The 0055 caries well for a larger knife. Again, ZT has taken steps to keep the weight down, and it’s a relatively thin design. While this isn’t a deep carry clip, the knife carries unobtrusively. The only issue is that the framelock relief is right next to where the clip meets the handle, and I have found that the fabric of your pocket tends to bind up and get caught in the framelock relief. Not a deal breaker, and you could always swap the clip to the show side, but it’s worth noting.
Deployment and Lockup
A part of what makes the 0055 unique to the production knife world is the use of Gus Cecchini’s Spring Loaded Tab (SLT) system. The SLT is a spring loaded flipper tab, which is used to open this manual flipper. You pull back on the tab lightly expose it, and then pull back with full force to release the blade like a typical flipper.
I have found that the SLT system works great. At least in the short term. It successfully opens up the knife, is fun to use, stays out of the way a little better then a traditional flipper, and it doesn’t spoil the lines of the knife as much as a traditional flipper.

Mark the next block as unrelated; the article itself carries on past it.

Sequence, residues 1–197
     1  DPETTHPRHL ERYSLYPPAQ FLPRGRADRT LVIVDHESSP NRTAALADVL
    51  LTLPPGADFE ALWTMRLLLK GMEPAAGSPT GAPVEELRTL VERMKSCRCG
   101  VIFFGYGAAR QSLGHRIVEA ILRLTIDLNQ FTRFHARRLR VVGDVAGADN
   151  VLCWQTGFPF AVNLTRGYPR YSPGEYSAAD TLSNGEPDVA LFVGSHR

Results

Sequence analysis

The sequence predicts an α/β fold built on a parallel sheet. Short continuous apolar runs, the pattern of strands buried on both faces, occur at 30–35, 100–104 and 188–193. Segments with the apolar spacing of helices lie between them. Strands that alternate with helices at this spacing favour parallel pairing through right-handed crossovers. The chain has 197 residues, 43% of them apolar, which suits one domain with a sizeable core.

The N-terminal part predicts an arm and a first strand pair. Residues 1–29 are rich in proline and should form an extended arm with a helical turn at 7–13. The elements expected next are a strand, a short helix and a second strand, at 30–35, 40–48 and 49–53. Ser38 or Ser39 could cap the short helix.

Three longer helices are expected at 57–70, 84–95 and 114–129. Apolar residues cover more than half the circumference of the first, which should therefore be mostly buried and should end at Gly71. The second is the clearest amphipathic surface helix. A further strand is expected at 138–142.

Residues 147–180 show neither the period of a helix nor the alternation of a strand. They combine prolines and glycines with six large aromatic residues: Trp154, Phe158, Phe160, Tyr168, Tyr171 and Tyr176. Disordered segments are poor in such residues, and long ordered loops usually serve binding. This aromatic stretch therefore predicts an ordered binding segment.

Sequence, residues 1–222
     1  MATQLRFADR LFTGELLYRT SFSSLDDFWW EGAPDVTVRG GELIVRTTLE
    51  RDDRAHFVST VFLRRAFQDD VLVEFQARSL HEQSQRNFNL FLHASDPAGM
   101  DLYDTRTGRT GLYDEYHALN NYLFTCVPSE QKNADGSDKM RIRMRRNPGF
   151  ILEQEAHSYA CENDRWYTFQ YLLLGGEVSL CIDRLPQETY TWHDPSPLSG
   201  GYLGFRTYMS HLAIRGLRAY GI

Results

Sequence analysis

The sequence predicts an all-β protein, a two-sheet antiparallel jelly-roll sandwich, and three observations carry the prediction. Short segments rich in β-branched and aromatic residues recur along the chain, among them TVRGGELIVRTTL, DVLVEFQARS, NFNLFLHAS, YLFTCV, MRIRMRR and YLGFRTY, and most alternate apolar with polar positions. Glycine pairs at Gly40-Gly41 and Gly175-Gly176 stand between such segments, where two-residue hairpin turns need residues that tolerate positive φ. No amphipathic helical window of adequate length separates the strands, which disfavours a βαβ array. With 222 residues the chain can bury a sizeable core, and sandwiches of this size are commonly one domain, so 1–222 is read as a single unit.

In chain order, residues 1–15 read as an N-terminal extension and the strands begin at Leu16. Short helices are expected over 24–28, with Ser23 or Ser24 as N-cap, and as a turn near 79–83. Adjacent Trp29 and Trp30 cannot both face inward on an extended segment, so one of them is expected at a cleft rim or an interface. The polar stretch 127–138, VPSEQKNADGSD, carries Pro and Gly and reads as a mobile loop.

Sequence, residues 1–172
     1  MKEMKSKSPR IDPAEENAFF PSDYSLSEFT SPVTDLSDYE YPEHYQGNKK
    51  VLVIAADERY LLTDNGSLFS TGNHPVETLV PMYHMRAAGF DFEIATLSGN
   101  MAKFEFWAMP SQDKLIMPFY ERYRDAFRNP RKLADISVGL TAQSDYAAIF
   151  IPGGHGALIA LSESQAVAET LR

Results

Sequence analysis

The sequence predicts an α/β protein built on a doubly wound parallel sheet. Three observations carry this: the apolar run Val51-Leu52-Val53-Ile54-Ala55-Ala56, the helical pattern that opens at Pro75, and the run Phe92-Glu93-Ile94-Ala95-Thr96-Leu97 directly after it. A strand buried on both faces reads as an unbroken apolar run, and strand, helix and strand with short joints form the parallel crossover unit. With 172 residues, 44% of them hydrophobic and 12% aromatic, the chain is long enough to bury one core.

The biggest con to the SLT system is that it’s more complicated then a regular flipper tab. Part of the beauty of a flipper is the simplicity. The SLT system is definitely an example of over engineering. It’s just like developing a special pressurized pen to write in space, when you can easily accomplish the same task with a pencil.
Personally I enjoy the novelty of the SLT system on this knife. When it comes to man’s oldest tool, it has become increasingly tough to innovate. Here Gus has managed to create something different. Even if it lacks the elegance of a standard flipper, it has at least been nicely executed and it’s fully functional. The knife flips great, thanks in part to a robust detent and a smooth caged bearing system. I’d rate it a solid “8” on a 1-10 scale. While I wouldn’t want the SLT system on every knife, it is a big part of what made the 0055 interesting to me.